$26 billion state aid bill brings House back from its vacation

WASHINGTON -- The House returned to work from its summer recess for a day last week to finalize a $26 billion aid bill for states to avert public employee layoffs and avoid shortfalls in health care for the poor.

Lawmakers voted 247-161 for the legislation, which was signed into law shortly afterwards by President Barack Obama.

Democrats said the bill, part of the party's response to the lingering recession, would help cash-strapped states that are contemplating layoffs to teachers, firefighters, police and other public workers.

The measure allocated $10 billion for school assistance, along with $16 billion to fulfill a commitment that the federal government pay a larger share for now of funding for Medicaid, the state-federal health care program for low-income individuals and families.

Republicans said the bill was emblematic of Democrats throwing money at a problem, and was an expensive stopgap that will merely postpone hard decisions for a year. They said it was a payoff for public employee unions that traditionally lean to the Democrats.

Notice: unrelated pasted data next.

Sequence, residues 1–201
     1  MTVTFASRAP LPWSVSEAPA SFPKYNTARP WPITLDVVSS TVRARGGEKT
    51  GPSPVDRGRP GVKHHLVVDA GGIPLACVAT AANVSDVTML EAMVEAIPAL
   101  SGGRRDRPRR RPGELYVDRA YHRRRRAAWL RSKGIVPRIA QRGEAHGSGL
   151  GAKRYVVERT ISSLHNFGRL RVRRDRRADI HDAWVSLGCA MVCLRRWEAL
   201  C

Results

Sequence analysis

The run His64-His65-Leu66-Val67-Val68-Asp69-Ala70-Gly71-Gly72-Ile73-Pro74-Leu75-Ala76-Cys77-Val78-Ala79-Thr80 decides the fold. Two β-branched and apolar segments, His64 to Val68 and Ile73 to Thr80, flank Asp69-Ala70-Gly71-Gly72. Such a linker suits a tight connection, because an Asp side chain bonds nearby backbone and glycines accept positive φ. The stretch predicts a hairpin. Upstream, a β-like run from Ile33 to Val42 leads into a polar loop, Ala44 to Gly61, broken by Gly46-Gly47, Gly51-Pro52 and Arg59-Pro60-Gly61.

The House already was on summer recess when the Senate, in a surprise move, was able to pass the legislation a week earlier. House leaders called lawmakers back for a one-day session to finalize the bill.

Reps. Shelley Berkley and Dina Titus, both D-Nev., voted for the bill. Rep. Dean Heller, R-Nev., voted against it.

Contact Stephens Washington Bureau chief Steve Tetreault at stetreault@stephensmedia.com or 202-783-1760.


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